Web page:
DOI: 10.4271/03-17-01-0002 ISSN: 1946-3936

A Mid-Infrared Laser Absorption Sensor for Gas Temperature and Carbon Monoxide Mole Fraction Measurements at 15 kHz in Engine-Out Gasoline Vehicle Exhaust

Joshua W. Stiborek, Ryan J. Tancin, Nathan J. Kempema, Joseph J. Szente, Michael J. Loos, Christopher S. Goldenstein
  • Fuel Technology
  • Automotive Engineering
  • General Earth and Planetary Sciences
  • General Environmental Science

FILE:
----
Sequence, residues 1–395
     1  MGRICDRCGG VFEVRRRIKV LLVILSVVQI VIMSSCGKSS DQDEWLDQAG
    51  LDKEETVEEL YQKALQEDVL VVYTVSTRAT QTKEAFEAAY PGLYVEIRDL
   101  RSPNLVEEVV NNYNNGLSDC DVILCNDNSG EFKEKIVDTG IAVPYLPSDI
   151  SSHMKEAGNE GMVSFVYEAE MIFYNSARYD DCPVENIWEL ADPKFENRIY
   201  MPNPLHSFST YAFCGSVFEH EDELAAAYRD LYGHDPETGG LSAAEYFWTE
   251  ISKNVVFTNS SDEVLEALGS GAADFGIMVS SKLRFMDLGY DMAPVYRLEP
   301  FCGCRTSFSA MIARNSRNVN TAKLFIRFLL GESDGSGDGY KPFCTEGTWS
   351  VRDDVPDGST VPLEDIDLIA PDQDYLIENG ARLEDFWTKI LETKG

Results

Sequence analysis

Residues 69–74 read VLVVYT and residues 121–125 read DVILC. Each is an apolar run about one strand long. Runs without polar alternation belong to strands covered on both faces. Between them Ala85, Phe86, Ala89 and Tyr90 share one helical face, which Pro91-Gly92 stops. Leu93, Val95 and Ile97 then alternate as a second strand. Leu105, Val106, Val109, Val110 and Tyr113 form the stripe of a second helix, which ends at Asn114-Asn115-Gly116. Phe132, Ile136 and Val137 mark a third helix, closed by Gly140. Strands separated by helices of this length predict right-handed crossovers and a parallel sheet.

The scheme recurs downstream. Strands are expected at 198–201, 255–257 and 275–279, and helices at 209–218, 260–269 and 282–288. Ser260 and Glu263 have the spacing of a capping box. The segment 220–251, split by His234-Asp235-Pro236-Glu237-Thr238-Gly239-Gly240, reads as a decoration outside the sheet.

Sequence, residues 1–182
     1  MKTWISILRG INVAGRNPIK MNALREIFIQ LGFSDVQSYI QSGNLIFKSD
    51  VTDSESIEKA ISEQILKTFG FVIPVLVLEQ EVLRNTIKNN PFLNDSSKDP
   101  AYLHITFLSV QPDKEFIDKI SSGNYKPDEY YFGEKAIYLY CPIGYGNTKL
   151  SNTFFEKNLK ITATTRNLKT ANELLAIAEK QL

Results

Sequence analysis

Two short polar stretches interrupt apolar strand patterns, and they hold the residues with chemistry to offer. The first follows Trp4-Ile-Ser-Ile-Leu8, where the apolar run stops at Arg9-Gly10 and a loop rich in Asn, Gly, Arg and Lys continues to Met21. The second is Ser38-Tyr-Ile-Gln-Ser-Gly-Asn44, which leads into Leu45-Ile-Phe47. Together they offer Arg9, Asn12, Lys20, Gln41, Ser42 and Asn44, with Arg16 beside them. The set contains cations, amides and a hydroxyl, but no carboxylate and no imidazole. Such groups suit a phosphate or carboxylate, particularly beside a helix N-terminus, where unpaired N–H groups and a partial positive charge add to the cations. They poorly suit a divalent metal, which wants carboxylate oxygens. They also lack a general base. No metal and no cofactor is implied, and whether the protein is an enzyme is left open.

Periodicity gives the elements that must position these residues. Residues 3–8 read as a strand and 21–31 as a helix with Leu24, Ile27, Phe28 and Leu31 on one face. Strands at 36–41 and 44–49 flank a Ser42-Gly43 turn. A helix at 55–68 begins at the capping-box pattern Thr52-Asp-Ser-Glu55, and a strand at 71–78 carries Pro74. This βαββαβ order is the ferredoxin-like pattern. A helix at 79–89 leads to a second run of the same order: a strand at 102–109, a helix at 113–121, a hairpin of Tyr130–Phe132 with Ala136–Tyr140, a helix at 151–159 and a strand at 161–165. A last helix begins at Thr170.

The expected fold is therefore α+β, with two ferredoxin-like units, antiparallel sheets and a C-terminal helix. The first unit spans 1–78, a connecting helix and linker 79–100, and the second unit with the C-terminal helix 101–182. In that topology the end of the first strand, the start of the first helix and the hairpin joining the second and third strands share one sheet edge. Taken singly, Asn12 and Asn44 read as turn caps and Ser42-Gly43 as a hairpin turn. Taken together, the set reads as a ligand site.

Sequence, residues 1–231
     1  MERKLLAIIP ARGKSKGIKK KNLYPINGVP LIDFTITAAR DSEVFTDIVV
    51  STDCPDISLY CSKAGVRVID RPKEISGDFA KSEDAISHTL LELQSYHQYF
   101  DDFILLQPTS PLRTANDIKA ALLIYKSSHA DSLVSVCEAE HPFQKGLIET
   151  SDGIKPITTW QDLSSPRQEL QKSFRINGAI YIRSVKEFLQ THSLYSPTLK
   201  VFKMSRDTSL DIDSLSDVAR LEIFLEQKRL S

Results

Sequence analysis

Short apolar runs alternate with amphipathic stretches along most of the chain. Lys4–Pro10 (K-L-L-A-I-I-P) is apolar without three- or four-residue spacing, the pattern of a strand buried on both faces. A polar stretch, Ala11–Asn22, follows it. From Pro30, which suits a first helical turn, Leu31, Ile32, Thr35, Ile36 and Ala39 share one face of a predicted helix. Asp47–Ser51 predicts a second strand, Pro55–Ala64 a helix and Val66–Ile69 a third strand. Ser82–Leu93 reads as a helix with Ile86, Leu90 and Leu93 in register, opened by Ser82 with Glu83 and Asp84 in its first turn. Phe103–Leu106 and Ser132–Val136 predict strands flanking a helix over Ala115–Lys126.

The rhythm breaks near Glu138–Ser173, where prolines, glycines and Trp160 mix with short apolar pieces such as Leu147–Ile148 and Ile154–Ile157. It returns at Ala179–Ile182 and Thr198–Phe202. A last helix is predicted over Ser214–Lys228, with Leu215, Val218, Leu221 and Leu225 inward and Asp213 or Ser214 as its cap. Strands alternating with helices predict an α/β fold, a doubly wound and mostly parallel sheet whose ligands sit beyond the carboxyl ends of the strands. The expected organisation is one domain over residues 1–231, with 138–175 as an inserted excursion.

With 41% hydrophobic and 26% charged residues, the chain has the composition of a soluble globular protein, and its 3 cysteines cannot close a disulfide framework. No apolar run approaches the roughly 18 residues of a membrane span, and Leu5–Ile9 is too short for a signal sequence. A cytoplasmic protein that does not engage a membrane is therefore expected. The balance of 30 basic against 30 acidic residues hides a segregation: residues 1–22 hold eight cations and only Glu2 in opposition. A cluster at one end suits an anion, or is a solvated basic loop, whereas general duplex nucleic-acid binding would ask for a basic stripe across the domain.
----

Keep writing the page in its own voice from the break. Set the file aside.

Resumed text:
<div>Quantifying exhaust gas composition and temperature in vehicles with internal combustion engines (ICEs) is crucial to understanding and reducing emissions during transient engine operation. This is particularly important before the catalytic converter system lights off (i.e., during cold start). Most commercially available gas analyzers and temperature sensors are far too slow to measure these quantities on the timescale of individual cylinder-firing events, thus faster sensors are needed. A two-color mid-infrared (MIR) laser absorption spectroscopy (LAS) sensor for gas temperature and carbon monoxide (CO) mole fraction was developed and applied to address this technology gap. Two quantum cascade lasers (QCLs) were fiber coupled into one single-mode fiber to facilitate optical access in the test vehicle exhaust. The QCLs were time-multiplexed in order to scan across two CO absorption transitions near 2013 and 2060 cm<sup>–1</sup> at 15 kHz. This enabled in situ measurements of temperature and CO mole fraction to be acquired at 15 kHz in the engine-out exhaust of a research vehicle (modified production vehicle) with an 8-cylinder gasoline ICE. Three different vehicle tests were characterized with the LAS sensor as follows: (1) cold start with engine idle, (2) warm start with a drive cycle on a chassis dynamometer, and (3) hot start with a drive cycle on a chassis dynamometer. The measurements obtained from the LAS sensor had a time resolution that was three orders of magnitude faster than that of thermocouple and gas analyzer data acquired at the Ford vehicle emissions research laboratory (VERL) in Dearborn, Michigan. This enabled the LAS sensor to resolve high-speed engine dynamics and exhaust gas transients, which the conventional instrumentation could not, thereby providing valuable insight into the evolution of ICE emissions during transient engine operation.</div>

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